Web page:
Brooklyn-based hairstylist Angelica Airi Devou wearing our Ribbed Simone Cardigan and T Hardware Lug-Sole Boot. Photographs by Jackie Kursel.

Angelica Airi Devou moved from Japan to Brooklyn, N.Y. to become a stylist at Shizen, a salon in North Williamsburg, where she cuts, dyes and styles all the cool New York City kids’ hair. Devou’s at the beginning of her career, but she’s proven to have an eye to spot stars — and become one herself. Writer and editor Kate Branch spoke with the “fun” hairstylist for our new “A Day in My Shoes” series, a collection of first-person stories by artists and entrepreneurs. Here is her story in her own words.

“I WAS 20 AND IT WAS A DECEMBER NIGHT, probably 8 or 9 o’clock, when I arrived at my first apartment in New York. I was expecting to walk into an old brick building but, I don’t know, I guess it was just your typical Bushwick house: dirty, with a bathroom the size of a phone booth. But I didn’t care because I was just so excited to have left Japan.

I grew up outside of Tokyo, in Yokohama, a suburban town like New Jersey. There’s no mountain, no woods, just cute houses and small stores. There’s the one bakery, the meat shop, a tofu shop, a vegetable store, a soba restaurant and a barber shop with one guy working there. That’s where I used to get my haircut when I was smaller. I’d get it short like a boy because I was on the basketball team. I didn’t get to travel but I got to meet other teams from faraway places, like Hokkaido, and that was the big thing for me. Japan is just such a small country. I mean, Tokyo is big and filled with so many people, but it feels small. And there are all these social rules. Like, you cannot talk on the train. You have to wear makeup at work. You have to have nice, clean hair. And I’m tall and have, like, crazy colored hair and I want to dress up. It was a lot of pressure to look normal. And before I started working at Shizen in Tokyo, which is called The Oversea, I was so normal looking. I hated it. I knew I wasn’t cool enough to work there, but I was like, ‘Make me cool!’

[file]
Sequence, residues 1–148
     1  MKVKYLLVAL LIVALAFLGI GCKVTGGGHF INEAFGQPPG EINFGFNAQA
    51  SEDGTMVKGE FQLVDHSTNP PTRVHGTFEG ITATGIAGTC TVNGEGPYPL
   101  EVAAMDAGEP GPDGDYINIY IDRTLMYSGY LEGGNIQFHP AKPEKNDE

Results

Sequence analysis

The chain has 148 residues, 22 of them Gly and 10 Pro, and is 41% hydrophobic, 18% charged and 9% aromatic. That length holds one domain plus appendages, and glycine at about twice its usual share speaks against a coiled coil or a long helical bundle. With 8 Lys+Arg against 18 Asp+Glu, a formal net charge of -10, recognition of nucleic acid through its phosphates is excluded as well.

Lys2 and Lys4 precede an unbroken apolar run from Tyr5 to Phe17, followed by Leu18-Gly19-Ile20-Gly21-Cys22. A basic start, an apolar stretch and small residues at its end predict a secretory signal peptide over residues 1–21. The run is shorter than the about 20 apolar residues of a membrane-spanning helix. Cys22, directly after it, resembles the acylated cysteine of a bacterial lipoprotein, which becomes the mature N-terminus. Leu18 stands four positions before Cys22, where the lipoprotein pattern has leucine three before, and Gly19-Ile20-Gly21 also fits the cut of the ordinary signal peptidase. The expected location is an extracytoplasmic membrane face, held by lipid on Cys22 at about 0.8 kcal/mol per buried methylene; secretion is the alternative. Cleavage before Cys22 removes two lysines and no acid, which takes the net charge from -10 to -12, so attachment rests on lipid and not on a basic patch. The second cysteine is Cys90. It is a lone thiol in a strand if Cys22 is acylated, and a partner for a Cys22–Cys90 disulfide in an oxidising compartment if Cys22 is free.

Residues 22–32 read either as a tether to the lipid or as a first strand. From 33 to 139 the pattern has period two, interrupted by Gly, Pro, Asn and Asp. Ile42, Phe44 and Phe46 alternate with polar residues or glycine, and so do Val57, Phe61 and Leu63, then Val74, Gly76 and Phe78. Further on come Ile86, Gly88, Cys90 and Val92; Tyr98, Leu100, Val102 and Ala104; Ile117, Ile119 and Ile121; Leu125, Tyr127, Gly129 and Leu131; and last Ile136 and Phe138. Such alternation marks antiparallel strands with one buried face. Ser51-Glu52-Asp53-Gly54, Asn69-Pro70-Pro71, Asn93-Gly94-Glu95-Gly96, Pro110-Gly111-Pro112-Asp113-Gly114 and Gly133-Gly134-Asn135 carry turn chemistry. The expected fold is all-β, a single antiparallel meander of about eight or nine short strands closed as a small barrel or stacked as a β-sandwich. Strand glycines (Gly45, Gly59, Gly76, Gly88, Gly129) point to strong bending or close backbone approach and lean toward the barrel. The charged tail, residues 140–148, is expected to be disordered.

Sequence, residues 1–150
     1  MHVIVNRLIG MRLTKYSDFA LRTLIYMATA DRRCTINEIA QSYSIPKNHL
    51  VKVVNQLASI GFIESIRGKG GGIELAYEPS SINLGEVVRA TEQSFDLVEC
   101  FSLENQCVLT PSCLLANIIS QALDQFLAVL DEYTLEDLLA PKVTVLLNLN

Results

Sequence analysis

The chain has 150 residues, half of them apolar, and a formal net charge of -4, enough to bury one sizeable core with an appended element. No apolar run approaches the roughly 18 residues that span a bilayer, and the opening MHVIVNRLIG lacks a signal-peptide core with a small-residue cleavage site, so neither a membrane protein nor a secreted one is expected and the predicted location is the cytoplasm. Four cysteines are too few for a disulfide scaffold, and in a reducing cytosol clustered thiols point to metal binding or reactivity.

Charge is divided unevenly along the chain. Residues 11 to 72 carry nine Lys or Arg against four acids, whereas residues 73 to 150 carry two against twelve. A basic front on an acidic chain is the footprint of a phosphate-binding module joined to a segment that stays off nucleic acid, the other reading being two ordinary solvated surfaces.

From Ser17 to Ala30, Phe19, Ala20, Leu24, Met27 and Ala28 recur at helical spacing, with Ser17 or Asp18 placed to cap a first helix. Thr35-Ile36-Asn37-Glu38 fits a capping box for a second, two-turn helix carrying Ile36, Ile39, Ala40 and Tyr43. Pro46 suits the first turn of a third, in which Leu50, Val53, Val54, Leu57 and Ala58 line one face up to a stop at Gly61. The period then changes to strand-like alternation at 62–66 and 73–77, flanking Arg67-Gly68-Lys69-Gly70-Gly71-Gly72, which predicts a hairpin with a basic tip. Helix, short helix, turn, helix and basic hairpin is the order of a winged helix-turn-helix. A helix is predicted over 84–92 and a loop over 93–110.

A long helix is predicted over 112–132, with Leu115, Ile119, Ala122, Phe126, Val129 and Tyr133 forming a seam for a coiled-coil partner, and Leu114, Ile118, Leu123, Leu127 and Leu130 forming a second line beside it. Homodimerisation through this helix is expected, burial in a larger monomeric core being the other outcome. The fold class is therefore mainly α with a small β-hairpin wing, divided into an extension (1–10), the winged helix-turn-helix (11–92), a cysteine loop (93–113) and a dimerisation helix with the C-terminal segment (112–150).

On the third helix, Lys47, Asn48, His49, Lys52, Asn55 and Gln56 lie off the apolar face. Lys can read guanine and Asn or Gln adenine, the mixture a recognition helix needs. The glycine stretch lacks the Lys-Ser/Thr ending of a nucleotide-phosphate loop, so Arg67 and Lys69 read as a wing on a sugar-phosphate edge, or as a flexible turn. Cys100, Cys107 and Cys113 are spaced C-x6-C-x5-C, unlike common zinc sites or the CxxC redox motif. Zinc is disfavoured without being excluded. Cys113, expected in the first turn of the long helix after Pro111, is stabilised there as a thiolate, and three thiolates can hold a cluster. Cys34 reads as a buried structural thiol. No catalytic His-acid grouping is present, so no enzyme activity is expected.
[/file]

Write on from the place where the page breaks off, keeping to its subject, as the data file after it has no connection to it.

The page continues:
After I graduated cosmetology school in Japan and became an assistant in New York, I was street casting all these young kids to be hair models for me, so I could practice and then take pictures for my portfolio. I used to go to China Chalet a lot at night after work, after practicing, until, like, three o’clock in the morning. Even when I had to be in the salon early the next morning. It was like, how do you say, a jewelry box. A jewelry box filled with so many cool, energetic, beautiful kids, like Liz Harlan and Sasha Melnychuk. I’d go in and there would be so many sparkles everywhere and I would just go hunt for personality and a look. I would tell them that if they don’t want a cut or color that’s totally fine, I could just style their hair for a picture on Instagram. But a lot of them wanted color. And doing experimental color is my favorite: I recently dyed the crown of a client’s hair electric red and, for another, did big chunky orange-to-pink highlights all over their head and bangs. It makes me feel like I’m painting the hair. It’s as if Shizen is a gallery and the clients are the art.”

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